Mixed news on TV salaries

Pay is up again in TV newsrooms. The annual RTDNA survey finds average salaries increased by 4 percent in 2016, almost twice the rate of inflation. But as usual, some job categories benefited more than others. Five job titles made less than the year before, including news directors. Anchors, reporters and photographers all made more.

Researcher Bob Papper points out, however, that the salary gap between reporters and MMJs is growing. On average, it’s now $14,000. MMJs are being paid on a par with photographers, although they do the job of both photographer and reporter. Papper says median salaries are the best reflection of what people actually make, but even those numbers show a widening gap.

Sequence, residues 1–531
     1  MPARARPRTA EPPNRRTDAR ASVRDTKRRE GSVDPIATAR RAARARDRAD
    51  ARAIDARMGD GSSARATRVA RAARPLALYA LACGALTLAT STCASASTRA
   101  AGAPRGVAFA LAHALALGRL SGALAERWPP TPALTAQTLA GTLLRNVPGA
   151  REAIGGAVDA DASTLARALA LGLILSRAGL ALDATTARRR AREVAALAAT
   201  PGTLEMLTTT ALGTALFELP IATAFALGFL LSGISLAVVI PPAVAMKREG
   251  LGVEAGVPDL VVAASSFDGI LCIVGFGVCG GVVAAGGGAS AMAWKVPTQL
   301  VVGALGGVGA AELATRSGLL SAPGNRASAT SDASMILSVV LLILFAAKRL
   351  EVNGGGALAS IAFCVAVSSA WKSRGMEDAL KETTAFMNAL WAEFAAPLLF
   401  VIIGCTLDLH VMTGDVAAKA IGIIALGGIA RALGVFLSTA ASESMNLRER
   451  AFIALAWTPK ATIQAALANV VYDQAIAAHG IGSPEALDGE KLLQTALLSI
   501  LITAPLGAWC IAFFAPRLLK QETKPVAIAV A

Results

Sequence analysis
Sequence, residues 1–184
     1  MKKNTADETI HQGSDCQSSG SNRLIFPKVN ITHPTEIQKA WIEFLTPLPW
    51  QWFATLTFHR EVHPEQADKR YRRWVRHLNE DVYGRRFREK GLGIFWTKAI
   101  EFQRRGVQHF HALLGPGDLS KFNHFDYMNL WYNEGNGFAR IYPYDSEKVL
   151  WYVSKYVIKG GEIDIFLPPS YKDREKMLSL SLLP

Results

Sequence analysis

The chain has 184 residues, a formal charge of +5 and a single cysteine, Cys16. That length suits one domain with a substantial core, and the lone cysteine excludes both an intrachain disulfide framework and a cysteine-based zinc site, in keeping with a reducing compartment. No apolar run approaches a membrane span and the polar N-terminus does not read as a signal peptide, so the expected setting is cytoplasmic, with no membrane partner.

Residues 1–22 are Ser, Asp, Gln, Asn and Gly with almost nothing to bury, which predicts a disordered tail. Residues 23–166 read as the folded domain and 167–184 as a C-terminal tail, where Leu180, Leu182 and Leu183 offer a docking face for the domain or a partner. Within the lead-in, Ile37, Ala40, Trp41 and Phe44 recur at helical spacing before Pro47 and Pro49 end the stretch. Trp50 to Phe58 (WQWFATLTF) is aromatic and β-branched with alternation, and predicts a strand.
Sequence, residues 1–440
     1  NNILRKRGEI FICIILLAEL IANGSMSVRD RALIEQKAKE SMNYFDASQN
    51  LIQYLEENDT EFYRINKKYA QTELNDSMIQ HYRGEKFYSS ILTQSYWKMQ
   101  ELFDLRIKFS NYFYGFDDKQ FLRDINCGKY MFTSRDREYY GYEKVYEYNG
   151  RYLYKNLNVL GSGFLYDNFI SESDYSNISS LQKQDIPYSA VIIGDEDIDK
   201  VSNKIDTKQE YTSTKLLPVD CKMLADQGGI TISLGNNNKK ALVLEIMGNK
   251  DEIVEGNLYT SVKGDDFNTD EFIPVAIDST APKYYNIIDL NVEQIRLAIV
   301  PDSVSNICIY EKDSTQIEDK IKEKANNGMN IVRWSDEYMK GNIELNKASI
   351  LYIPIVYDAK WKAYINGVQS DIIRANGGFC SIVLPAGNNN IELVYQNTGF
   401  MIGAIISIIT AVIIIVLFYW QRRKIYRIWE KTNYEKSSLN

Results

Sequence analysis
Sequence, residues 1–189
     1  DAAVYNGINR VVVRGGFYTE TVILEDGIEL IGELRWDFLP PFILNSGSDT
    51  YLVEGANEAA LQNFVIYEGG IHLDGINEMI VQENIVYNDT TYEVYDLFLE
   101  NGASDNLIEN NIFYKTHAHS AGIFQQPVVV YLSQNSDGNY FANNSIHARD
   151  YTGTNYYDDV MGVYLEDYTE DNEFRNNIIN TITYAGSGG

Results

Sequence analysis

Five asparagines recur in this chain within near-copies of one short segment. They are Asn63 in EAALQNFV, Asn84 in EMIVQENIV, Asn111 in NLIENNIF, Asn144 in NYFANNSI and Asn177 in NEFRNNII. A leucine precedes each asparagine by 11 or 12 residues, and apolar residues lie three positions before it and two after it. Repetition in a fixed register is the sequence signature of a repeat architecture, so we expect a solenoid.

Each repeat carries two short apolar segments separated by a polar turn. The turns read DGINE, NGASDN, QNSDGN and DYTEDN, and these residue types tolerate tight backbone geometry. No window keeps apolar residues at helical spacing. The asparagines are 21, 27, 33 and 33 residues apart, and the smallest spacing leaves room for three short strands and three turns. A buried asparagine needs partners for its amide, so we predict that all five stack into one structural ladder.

Two years ago, the spread between [MMJ and reporter] was $6,800. Last year, it was $9,000. This year, it’s $12,000. Even accounting for market size, pay for MMJs is noticeably lower.

Since most new hires start as MMJs, the pay differential is significant. In the smallest “starter” markets, 100 and above, MMJs are paid less than almost anyone else in the newsroom. Only desk assistants, social media and web producers make less, although the gap between MMJs and reporters is just $2,000 in those markets. Almost all MMJs are under contract, too. More than 90 percent have contracts that include a non-compete clause.

What that tells you is that if you want to be a TV reporter, you’d best be prepared to live on a tight budget for at least the first couple of years, and maybe quite a bit longer.